The code shown below passes the flow ID into the getFlowInput API endpoint. The API call that you made in step 3 would have returned this flow ID as part of the response.

Refer to the API documentation ( for details about the response from this call. Once again, we need to retain this response for use in downstream tasks. 

5. Create the task to retrieve the list of nodes for the imported flow

Trifacta’s API for replacing data sources requires you to know the ID for the recipe directly connected to the data source that you want to replace. In order to determine this recipe ID, you need to connect information returned from two API calls: flow nodes and flow edges.  

The first set of information that you need to return is the flow nodes data. Flow nodes assign unique IDs to all of the individual objects in a flow. Invoke the listFlows API with an embedded resource named flownodes to retrieve a list of all the nodes in a flow.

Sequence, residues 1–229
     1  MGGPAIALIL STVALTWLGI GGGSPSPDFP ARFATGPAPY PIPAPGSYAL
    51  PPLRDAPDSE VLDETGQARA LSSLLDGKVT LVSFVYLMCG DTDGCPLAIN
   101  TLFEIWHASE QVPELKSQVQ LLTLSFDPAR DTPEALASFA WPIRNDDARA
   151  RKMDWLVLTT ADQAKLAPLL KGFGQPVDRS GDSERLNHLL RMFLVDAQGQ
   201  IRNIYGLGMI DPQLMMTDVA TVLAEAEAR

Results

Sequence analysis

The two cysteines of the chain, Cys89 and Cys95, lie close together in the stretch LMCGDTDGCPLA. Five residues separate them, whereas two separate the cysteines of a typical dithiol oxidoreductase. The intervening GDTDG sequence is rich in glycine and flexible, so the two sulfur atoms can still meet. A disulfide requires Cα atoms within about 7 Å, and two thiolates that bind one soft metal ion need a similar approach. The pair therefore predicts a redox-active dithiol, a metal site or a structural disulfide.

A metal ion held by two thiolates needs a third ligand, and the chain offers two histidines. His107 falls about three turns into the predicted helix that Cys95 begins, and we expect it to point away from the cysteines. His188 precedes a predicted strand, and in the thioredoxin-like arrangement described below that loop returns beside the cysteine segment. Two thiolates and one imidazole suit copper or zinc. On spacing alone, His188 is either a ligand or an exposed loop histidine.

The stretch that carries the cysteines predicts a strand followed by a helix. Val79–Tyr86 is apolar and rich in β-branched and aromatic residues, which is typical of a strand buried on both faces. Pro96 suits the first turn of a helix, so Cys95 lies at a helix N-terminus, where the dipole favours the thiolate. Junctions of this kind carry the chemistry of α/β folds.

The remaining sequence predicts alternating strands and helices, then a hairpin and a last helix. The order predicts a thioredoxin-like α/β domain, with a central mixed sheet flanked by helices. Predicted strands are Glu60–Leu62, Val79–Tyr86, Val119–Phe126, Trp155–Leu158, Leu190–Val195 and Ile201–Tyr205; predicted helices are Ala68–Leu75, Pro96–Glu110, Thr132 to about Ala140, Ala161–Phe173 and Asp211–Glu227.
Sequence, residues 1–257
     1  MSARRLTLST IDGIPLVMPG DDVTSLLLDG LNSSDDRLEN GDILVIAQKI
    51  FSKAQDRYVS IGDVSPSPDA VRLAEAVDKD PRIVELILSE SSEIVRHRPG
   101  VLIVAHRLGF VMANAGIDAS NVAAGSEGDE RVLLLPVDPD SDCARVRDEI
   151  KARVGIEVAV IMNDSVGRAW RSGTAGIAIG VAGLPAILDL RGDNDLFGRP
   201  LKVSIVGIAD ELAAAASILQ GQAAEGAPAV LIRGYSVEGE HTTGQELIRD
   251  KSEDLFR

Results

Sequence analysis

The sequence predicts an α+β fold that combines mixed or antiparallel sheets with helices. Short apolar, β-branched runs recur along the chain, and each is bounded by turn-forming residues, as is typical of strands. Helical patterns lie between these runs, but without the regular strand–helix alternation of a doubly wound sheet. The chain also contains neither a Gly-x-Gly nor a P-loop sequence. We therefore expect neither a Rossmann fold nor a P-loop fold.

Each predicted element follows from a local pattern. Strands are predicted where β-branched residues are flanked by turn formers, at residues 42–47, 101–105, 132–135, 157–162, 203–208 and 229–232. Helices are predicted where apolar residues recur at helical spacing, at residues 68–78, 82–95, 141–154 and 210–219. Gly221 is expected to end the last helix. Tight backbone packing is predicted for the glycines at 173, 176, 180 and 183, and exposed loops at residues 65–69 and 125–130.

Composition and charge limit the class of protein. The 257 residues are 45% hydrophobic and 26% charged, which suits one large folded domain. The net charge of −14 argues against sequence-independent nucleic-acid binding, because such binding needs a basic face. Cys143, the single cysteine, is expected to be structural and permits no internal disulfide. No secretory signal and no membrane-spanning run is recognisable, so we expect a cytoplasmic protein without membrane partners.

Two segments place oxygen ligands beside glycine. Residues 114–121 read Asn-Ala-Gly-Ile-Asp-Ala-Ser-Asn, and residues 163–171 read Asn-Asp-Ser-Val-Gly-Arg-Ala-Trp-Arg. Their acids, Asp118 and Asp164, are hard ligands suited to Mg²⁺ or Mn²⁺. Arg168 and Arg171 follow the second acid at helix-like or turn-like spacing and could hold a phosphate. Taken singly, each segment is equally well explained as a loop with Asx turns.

Documentation for the listFlows API can be found here:

This call will return a JSON object structured as shown below:

You will want to store this response for use in a downstream task.

6. Create the task to retrieve the list of edges for the imported flow

Next, we need to return information about flow edges, which identify how each node in a flow is connected to other nodes. Flow edges contain an input node ID, and an output node ID. The flow edges information is the final detail that we need to know in order to connect our data source to a recipe. 

As in step 5, you will be invoking the listFlows API. However, this time you will want to embed a call for flowEdges. 

This call returns the following JSON object:

Once again, store this response for use in a downstream task.

7. Create task to identify the recipe associated with the source dataset

Now that you have returned information about the flow nodes, flow edges, and imported dataset ID, you are ready to use these outputs to identify the ID for the recipe connected to your data source. You will need to chain the outputs together in the following way: